On December 26th, while we were all busy recovering from the Holiday and headed out for year-end clearance sales, the Treasury Secretary dropped a surprise on us. He announced that the federal government will once again hit its ‘debt ceiling’ on Dec 31st, and that the Treasury will take ‘extraordinary measures’ to stretch out its checkbook.
Interestingly, the most comprehensive breakdown I’ve found of the ‘extraordinary measures‘ is from the UK’s Guardian, not from a US-based news organization. The four measures, listed in order of magnitude, are:
Stop investments in to the Civil Service Retirement and Disability Fund (CSRDF)- the CSRS annuity for retired and disabled CSRS participants (note: I am clueless on the CSRS retirement system as I am not a participant. The link is informative, but an opinion piece).
Suspending investments in to the TSP G Fund.
Halt issuance of State and Local government securities (SLGS)
Cease contributing to the Exchange Stabilization Fund (used to purchase foreign currency).
What #2 means to you and me is that, among other things, the Treasury Department will take out a 401k loan against your TSP balance. Specifically, the Treasury will borrow from the G Fund and issue IOU’s to pay them back at a later date.
If this all sounds familiar, it is. This is one of many extraordinary measures the Treasury took last time the nation neared its debt ceiling in May of 2011. After the debt deal was reached in August of 2011 (which set up Sequestration, aka the ‘fiscal cliff’), the TSP G Fund balances were made whole.
What’s it mean to you and me? Probably not much, as long as:
You don’t take personal offense at the Treasury Secretary raiding your individual retirement funds (Your TSP balance).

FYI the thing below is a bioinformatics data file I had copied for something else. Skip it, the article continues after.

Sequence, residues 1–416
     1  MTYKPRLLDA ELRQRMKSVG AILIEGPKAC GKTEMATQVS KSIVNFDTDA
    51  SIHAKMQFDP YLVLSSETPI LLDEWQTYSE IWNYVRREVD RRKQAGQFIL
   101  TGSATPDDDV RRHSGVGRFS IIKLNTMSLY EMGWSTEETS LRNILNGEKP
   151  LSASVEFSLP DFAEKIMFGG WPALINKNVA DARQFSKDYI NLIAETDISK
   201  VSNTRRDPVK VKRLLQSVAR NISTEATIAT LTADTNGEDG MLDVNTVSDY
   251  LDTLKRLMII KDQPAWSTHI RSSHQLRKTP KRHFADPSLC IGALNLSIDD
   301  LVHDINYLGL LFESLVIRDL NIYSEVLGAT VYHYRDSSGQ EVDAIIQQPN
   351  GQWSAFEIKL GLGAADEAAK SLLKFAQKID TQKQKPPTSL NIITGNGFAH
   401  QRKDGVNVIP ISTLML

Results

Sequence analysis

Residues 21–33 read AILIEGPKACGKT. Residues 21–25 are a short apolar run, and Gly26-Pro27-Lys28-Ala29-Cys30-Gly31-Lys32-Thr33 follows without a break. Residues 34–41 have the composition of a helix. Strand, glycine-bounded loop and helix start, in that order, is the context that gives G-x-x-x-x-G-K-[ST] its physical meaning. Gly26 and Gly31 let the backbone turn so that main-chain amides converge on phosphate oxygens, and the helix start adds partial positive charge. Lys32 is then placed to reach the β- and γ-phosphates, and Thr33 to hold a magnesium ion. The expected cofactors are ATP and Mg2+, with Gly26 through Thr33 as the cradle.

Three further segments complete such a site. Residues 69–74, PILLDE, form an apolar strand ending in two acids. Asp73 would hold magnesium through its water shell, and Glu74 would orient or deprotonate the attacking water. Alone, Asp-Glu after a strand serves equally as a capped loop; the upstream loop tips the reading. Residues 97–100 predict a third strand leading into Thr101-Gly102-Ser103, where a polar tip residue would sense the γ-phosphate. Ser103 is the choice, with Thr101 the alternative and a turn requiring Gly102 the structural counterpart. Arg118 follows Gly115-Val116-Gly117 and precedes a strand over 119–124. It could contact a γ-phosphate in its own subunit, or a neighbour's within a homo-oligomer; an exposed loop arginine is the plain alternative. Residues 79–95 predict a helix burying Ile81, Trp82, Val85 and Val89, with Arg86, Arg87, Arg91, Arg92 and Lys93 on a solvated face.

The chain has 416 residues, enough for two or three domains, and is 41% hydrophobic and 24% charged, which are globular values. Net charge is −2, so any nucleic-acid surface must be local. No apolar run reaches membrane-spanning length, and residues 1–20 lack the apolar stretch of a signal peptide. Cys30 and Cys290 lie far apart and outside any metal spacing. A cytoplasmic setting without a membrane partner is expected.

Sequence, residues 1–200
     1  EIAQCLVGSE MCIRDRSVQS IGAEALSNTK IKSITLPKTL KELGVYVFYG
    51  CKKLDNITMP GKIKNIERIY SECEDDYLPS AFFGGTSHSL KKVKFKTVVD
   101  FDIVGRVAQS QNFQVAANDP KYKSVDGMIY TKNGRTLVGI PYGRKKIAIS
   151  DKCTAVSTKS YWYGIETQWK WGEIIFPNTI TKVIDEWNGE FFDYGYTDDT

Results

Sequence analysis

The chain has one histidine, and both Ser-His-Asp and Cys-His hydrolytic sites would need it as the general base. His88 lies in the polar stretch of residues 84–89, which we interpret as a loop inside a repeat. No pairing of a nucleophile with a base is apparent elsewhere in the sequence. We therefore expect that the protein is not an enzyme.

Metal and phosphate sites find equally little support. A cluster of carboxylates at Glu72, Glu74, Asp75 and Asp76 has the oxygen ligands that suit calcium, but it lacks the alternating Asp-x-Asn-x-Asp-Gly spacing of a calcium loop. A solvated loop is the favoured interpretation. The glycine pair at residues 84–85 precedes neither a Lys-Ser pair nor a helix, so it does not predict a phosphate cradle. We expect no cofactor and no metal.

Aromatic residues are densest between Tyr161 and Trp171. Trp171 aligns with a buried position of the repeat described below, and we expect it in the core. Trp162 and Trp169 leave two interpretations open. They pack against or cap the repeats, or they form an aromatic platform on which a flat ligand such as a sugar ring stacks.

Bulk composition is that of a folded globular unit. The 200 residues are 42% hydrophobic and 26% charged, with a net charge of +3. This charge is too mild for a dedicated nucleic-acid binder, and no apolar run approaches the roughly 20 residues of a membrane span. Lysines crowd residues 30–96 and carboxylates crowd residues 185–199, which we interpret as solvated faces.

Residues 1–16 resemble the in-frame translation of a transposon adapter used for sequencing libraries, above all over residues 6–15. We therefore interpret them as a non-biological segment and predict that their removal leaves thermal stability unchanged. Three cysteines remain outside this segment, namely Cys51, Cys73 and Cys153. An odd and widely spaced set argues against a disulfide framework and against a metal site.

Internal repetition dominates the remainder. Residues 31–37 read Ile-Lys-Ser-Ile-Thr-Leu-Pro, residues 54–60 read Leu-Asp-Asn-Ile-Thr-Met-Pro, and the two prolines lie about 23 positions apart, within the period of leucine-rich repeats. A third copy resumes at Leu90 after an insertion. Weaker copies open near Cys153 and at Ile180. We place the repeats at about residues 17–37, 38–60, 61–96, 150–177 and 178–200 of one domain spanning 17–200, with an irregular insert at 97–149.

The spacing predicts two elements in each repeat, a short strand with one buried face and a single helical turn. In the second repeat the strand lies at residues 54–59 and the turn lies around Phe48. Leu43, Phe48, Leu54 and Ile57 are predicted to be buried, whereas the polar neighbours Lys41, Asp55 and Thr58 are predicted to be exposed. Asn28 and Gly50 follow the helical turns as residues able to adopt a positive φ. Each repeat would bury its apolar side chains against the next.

All past and present government employees and military participants in the TSP do not all sell-off their G Fund holdings at once.
Institutional Investors and sovereign nations continue to purchase US Government-issued debt.
The mechanics of how the G Fund is raided are described pretty well in this 2002 GovExec article, when the G Fund was about to be raided in order to avoid a what-seems-paltry-now debt ceiling limit of $6 Trillion.
The first Service Computation Date is your SCD Civilian. This date is very straightforward- it is the day you walked in to your department’s HR branch and commenced employment as a federal employee. This date will stay the same unless you have a break in employment in the federal civil service. SCD Civilian is used to calculate benefits such as your FERS life insurance payout formula, which is a gratis life insurance benefit (NOT FEGLI) provided to all FERS employees. I will cover this benefit in a future post.
The second Service Computation Date is the one you are used to seeing once every pay period in the upper right hand corner of your Leave and Earnings Statement (LES) if you work for the Department of Defense. This is SCD Leave, used to calculate your accrual of Annual Leave. Accrual rates for annual leave increase based on years of service calculated from SCD Leave. If you are former active military NOT drawing retired pay from active duty, SCD Leave will be ‘back dated’ based on the years and months of service shown on your DD-214. There are special cases where SCD Leave CAN ALSO be back dated for former active duty who ARE drawing retired pay, and I will cover these in a future post.
The third Service Computation Date is SCD RIF. This is the date you will be eligible for early retirement from the FERS system if you are offered an early retirement package like VERA (Voluntary Early Retirement Authority) for an agency-wide reduction or RIF (Reduction if Force) if your employing agency decides to cut your individual position. Under either of these, if you meet the time-in-service requirements you may retire early with full benefits (FEHB health care and a FERS immediate annuity). If you are a veteran who performed a FERS ‘military buyback’ credit for your active duty service, your SCD RIF and SCD Leave should match. It is critical that you verify these dates match after you make a ‘military buyback’ deposit.